Vietnamese before our vanity
               consumed us.
                          We’ve sponsored free
               elections but reversed results.
            To launch the neo-century
               we crushed a country and destroyed
               a culture.
                           Though someone warned
               that occupiers lose at last,
               the warning was ignored.
                                 When scholars
               wrote that Athens at its peak
               sailed fleets to ultimate catastrophe
               in Sicily and bled for decades
               afterward into inconsequence,
               they reaped the glory of derision.
             Why bother talking history
                            with those whose only purpose
                       is deceit?
                          Why reason with unreason?
            When shouters violate what’s sacred
               with impunity, the only answer
               is dissent.
                    Hiding behind
               lapel-pin flags, they’ve fouled
               what I thought would be a holiday
               abroad, not merely a reprieve
               before the next resistance.
            I’ve met them all a thousand
               times whenever fear and cowardice
               demanded loyalty to causes
               that were never mine.
                                 Since power
               is their word for peace, they swagger
               like competitors who can’t not win.
            And when they lose, as they
               will always lose, they’ll claim
               they could have won with more
               support, and then they’ll whine.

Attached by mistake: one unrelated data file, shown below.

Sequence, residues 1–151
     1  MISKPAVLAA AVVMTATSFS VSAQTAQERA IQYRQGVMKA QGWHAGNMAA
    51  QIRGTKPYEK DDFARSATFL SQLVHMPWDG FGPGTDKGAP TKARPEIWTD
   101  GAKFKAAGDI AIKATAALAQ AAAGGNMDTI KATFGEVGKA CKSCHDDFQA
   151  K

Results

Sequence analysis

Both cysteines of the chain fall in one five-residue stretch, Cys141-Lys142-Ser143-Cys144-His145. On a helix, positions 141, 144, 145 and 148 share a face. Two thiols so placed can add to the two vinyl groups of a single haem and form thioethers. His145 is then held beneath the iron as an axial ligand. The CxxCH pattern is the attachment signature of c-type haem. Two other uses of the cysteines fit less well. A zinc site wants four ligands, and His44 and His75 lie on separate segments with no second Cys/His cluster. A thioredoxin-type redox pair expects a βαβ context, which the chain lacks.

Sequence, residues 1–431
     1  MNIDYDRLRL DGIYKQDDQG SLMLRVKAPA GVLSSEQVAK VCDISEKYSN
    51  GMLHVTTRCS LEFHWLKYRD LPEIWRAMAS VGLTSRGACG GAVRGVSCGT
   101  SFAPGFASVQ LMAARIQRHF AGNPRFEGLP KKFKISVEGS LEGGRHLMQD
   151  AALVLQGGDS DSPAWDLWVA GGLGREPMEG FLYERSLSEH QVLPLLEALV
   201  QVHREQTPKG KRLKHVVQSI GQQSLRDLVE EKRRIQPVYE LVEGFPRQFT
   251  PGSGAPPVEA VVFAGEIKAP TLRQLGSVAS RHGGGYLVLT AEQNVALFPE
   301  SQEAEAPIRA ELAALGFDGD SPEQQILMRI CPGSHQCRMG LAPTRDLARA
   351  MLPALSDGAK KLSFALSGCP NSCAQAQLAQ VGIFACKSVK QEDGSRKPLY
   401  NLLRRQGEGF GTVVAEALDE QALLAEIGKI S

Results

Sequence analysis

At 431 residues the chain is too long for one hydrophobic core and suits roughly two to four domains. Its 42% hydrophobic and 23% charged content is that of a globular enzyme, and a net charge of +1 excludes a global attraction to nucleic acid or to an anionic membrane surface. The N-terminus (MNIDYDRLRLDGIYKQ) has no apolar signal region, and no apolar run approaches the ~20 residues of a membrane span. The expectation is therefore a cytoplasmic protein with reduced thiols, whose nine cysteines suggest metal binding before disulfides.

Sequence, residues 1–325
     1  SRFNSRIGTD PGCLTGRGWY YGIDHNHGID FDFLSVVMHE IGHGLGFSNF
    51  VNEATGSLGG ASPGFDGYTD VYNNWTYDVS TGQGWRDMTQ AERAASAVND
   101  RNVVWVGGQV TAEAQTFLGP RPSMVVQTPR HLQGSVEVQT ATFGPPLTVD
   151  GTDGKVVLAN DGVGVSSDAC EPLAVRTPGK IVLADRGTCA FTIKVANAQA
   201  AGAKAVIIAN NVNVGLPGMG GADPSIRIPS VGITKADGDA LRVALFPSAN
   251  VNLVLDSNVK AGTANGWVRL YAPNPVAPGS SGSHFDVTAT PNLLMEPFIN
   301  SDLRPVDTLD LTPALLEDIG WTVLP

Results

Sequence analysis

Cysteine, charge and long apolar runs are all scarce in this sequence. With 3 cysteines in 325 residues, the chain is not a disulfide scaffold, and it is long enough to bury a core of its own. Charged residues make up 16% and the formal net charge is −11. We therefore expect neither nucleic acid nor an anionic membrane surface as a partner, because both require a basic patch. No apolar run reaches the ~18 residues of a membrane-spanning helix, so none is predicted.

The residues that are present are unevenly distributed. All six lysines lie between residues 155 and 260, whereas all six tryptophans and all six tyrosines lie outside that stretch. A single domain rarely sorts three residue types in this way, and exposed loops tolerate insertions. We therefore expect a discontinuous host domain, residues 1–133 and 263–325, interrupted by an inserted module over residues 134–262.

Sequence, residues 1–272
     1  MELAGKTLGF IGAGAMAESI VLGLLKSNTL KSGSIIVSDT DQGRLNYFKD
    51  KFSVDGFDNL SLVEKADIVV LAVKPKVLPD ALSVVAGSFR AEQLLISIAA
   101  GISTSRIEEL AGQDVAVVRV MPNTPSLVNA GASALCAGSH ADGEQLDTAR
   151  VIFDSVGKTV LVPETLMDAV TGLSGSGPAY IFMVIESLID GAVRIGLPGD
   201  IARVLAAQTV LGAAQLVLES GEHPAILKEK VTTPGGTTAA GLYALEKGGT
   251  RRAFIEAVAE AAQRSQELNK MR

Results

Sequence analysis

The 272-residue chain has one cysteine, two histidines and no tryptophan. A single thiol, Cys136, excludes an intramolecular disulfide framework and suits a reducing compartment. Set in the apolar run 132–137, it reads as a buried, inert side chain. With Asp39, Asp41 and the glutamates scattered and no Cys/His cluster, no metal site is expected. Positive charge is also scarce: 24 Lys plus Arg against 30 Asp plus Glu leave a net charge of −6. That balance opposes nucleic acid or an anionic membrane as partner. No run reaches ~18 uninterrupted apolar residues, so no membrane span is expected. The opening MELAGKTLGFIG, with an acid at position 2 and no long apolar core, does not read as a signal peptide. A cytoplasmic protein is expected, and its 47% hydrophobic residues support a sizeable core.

Samuel Hazo is the author of poetry, fiction, essays, various works of translation and four plays. Governor Robert Casey named him Pennsylvania’s first State Poet 1993. He served until 2003.

From his first book, through the National Book Award finalist Once for the Last Bandit, to his newest poems, he explores themes of mortality and love, passion and art, courage and grace in a style that is unmistakably his own. He writes with equal feeling and clarity about political and artistic figures and the complex synchronicity between life and art. He is extremely interested in the wonderment and discovery that emerge in the act of writing, in the movement toward wisdom that results from the expression of feeling.

As the founder and Director/President of the International Poetry Forum, Dr. Hazo has brought more than 800 poets and performers to Pittsburgh in the past forty years. These have included Nobel Awardees (Heaney, Walcott, Paz, Milosz), Pulitzer Prize winners (Merwin, Kumin, Wilbur, Kinnell, Kooser and others), Academy Award recipients (Gregory Peck, Princess Grace of Monaco, Eva Marie Saint, Anthony Hopkins, John Houseman, Jose Ferrer) as well as public figures who understand the relationship of poetry to public speech (Senator Eugene McCarthy and Queen Noor of Jordan), playwrights and composers (Tennessee Williams, Edward Albee, Gian Carlo Menotti) and new poets of significance and promise.